‘Pakistan relentlessly expanding nuclear and missile arsenal’
- Pakistan is “relentlessly” expanding its armed forces, especially nuclear and missile capabilities, despite being engulfed in a financial crisis, says the Indian defence ministry (MoD)
- In its latest annual report, the MoD says Pak army has further “consolidated” its position as the “institution driving Pakistan’s foreign security and defence policies” after the Imran Khan government came to office in August last year
In its latest annual report, the MoD says Pak army has further “consolidated” its position as the “institution driving Pakistan’s foreign security and defence policies” after the Imran Khan government came to office in August last year.
The MoD’s assertion about Pakistan’s rapidly-growing nuclear and missile arsenals is in tune with international assessments that the country now has 140-150 nuclear warheads as compared to 130-140 of India.
With its expanding uranium enrichment and plutonium production facilities, Pakistan’s nuclear stockpile could realistically grow to 220-250 warheads by 2025 if the current trend continues, as per the Bulletin of The Atomic Scientists. Pakistan, of course, owes much of its progress in the nuclear and missile arenas to clandestine help from China and North Korea over the years.
Noting that there were global concerns regarding proliferation of weapons of mass destruction and their delivery systems, which pose a “serious” danger to international security, the MoD said, “WMD terrorism will remain a potent threat as long as there are terrorists seeking to gain access to relevant materials and technologies for malicious purposes.”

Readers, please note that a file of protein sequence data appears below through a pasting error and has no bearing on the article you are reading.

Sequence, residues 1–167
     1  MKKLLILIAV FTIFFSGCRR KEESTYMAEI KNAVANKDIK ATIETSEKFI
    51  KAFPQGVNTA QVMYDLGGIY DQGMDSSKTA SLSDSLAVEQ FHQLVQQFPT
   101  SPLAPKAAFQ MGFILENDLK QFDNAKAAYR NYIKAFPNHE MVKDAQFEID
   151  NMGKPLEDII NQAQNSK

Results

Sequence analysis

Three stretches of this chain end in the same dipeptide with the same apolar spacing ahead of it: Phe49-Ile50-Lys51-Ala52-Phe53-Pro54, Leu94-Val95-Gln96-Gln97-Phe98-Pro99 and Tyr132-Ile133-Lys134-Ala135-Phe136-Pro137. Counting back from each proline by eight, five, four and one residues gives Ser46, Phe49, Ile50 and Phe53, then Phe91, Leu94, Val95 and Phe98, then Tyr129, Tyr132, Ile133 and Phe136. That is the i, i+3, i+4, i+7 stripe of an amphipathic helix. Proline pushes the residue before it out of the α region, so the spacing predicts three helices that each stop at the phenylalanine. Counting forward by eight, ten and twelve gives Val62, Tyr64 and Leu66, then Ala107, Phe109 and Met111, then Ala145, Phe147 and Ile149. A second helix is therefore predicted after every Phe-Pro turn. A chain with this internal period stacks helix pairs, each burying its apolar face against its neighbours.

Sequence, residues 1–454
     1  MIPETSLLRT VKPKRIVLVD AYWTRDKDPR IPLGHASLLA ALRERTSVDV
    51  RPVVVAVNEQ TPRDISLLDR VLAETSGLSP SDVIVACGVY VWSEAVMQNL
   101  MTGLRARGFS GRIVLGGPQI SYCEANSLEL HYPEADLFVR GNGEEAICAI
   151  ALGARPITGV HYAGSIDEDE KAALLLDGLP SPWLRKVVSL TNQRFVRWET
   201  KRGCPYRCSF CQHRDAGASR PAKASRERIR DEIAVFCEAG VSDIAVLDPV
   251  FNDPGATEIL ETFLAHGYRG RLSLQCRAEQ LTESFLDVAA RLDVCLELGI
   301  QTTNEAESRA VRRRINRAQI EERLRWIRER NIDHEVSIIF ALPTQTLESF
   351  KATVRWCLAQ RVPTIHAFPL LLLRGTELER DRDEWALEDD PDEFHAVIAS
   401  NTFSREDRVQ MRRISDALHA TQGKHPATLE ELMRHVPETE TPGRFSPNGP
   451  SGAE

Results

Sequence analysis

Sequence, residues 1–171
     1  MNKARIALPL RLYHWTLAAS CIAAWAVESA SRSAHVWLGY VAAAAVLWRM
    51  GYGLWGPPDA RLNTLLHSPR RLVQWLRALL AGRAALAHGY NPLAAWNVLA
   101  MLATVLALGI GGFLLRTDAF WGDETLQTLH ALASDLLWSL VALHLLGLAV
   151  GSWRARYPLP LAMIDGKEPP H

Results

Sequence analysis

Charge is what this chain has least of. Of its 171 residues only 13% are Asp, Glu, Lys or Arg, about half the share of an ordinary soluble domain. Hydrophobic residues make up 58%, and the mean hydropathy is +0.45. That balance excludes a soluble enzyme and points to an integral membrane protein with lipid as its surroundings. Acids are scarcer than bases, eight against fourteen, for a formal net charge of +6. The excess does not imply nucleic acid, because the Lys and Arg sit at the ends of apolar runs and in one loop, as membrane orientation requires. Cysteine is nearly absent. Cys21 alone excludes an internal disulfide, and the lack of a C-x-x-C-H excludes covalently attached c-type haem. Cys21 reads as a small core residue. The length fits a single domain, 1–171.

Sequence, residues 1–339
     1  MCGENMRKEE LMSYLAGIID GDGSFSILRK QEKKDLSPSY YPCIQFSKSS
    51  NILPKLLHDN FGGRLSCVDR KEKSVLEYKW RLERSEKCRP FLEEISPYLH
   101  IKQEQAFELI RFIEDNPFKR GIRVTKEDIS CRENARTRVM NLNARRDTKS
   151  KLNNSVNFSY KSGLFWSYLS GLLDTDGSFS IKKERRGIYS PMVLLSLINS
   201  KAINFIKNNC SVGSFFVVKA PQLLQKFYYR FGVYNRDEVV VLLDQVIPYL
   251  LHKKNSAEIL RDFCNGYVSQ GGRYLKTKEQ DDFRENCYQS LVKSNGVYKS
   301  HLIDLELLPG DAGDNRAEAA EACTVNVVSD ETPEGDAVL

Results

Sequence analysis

The MoD report, turning to Pakistan army’s active support to anti-India terror outfits, said, “It has avoided taking action against jihadi and internationally proscribed terror outfits that target its neighbours.”
“Support to such groups persists. Such outfits continue to be encouraged to infiltrate into India under the cover of the massive cross Line of Control and cross-border firing in Jammu and Kashmir and other areas throughout the year,” it added.
Though there has been a 43% decrease in net cross-border infiltration into J&K so far this year, coupled with a recent decline in use of artillery and other heavy-calibre weapons in ceasefire violations, the MoD attributes it more to the “successful pre-emptive” aerial strikes against the “largest” Jaish-e-Mohammed training facility at Balakot in Pakistan on February 26 as well as other retaliatory measures rather than a genuine change of heart in Islamabad.
India will “continue to take robust and decisive steps to ensure its national security” till Pakistan takes “credible and irreversible steps” to dismantle the terror infrastructure as well as stop supporting terrorists and terror groups operating from territories under its control, said the MoD.
Even as Imran Khan’s austerity plans dictated by the International Monetary Fund has led to widespread resistance in his country, the MoD says: “The political situation in Pakistan continues to remain challenging with a severe deficit of inclusive and balanced economic development.”
“The country has been torn by ethno-regional conflicts, with the zone of conflict expanding from tribal areas on Pakistan-Afghanistan border to the hinterland. Religious extremism is also on the rise,” it added.